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“The biggest problem is getting some kind of moment so people can distinguish you from the thundering herd,” Densham explained.

When MGM officials suggested that his film be released in early summer, Densham said: “I sort of bought into the concept that if you put a movie out there, they will come.

“We’ll be the only film that has a very deeply emotional story line to it,” Densham added. He noted that while a large segment of the moviegoing public will rush out to see action films, “there is another entire audience out there that doesn’t come out as quickly, but they go to movies that move them emotionally, movies like ‘Field of Dreams,’ ‘The Joy Luck Club’ and ‘Four Weddings and a Funeral.’ ”

Gerry Rich, president of worldwide marketing for MGM/UA Distribution Co., said the studio toyed with a number of possible release dates, but decided that the movie has scenery and an “intelligent love story” that is “decidedly different from other films in the marketplace.” The film will open on 275 screens nationwide, Rich said.

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Tom Bernard, co-president of Sony Pictures Classics, said the fall season is actually a tough period to release a movie because studios are dumping films that they couldn’t get released in the summer, the midweek box office dries up because school has reopened, and Thanksgiving brings on a bevy of Oscar contenders.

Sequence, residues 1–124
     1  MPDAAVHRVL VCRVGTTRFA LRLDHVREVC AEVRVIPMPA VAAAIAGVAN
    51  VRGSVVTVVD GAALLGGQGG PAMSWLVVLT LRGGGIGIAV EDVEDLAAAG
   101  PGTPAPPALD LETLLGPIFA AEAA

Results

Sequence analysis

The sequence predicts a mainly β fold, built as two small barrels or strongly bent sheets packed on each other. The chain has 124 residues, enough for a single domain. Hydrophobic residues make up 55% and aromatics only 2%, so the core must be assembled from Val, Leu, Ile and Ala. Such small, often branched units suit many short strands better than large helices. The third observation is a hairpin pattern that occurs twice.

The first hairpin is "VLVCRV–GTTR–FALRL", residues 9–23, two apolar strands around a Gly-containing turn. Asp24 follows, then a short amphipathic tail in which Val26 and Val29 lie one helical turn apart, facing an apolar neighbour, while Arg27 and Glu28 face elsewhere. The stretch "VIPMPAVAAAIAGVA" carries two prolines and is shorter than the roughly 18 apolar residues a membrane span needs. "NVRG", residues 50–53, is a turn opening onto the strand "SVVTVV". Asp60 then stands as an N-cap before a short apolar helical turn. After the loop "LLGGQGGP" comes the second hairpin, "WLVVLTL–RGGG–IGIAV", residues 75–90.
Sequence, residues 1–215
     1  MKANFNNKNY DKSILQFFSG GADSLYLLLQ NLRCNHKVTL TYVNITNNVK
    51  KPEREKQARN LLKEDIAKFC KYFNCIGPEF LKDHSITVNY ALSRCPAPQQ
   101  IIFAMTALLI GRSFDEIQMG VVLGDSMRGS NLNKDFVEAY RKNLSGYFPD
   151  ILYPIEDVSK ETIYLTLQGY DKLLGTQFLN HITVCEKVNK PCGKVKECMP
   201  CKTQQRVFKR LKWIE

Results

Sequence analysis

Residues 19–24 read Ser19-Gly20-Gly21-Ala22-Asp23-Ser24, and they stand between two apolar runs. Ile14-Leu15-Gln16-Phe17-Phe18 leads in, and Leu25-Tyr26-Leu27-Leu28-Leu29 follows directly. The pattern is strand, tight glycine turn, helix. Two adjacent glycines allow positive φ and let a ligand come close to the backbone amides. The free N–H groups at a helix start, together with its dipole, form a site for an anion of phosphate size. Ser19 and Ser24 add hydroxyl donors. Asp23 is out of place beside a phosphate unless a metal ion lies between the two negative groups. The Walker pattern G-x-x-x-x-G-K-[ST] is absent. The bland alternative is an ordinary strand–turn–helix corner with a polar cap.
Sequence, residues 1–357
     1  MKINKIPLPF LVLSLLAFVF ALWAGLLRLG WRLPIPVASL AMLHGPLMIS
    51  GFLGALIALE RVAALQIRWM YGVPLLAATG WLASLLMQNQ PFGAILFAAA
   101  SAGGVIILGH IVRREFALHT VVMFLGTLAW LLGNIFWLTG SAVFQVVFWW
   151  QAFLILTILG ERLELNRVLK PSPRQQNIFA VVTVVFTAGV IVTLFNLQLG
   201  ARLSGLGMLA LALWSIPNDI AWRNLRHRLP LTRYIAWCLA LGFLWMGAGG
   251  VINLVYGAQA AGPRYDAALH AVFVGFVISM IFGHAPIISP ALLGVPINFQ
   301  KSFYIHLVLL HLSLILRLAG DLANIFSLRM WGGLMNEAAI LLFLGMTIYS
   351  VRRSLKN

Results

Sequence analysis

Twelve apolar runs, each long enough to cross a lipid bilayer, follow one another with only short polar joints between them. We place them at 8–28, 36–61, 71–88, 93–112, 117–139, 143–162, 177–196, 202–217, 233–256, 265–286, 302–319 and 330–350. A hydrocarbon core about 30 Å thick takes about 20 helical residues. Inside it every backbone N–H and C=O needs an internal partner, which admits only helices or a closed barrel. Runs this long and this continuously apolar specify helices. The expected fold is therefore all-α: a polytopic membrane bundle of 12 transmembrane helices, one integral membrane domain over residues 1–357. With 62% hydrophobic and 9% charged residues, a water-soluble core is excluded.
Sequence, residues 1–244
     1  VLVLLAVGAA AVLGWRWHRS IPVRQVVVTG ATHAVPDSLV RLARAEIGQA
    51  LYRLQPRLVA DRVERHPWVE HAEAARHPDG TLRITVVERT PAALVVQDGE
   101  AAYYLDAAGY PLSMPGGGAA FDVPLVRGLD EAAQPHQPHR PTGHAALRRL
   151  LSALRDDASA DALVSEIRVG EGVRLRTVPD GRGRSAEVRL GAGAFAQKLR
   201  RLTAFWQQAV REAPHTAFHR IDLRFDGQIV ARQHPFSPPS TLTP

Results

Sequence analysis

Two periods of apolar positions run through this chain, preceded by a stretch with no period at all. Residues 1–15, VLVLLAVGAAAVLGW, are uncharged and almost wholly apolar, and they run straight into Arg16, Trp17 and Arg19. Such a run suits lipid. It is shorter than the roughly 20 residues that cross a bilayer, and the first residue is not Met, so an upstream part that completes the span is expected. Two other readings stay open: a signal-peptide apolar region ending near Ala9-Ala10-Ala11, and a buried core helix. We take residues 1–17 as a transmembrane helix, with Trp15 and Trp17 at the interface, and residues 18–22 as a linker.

Bernard said Sony Classics will release four small-budget films over the summer months. On Memorial Day weekend, it opened “Welcome to the Dollhouse” going up against Paramount Pictures’ blockbuster “Mission: Impossible.” The small-budget film took in $200,000 at only seven theaters in Los Angeles and New York.

“Summer is great [for small films],” Bernard said. “We were the only movie company to open against ‘Jurassic Park.’ We released ‘Orlando’ at almost the same time of year. It set records all over the country.”

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But studios often fight big movies with other big moves--ones that target a different audience.

This weekend, Disney’s Hollywood Pictures is rolling out “The Rock,” a big-budget action film centered on Alcatraz that stars Sean Connery, Nicolas Cage and Ed Harris. Paramount, meanwhile, will release the kids-oriented movie “The Phantom,” which is based on the comic-book hero.

On June 21, Disney’s animated film “The Hunchback of Notre Dame” goes head-to-head against “Eraser,” the Warner Bros. action film starring Arnold Schwarzenegger.

On July 12, the Michael Keaton comedy “Multiplicity” opens opposite the war drama “Courage Under Fire,” starring Denzel Washington and Meg Ryan, with the younger-skewing “Harriet the Spy” opening two days earlier.

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The week after that, Universal Pictures will release “The Frighteners,” described by some as a “ ‘Ghostbusters’ for grown-ups,” opposite Disney’s “Kazaam,” a comedy starring basketball’s Shaquille O’Neal, and “Trainspotting,” an edgy British film about heroin addicts from Miramax Films.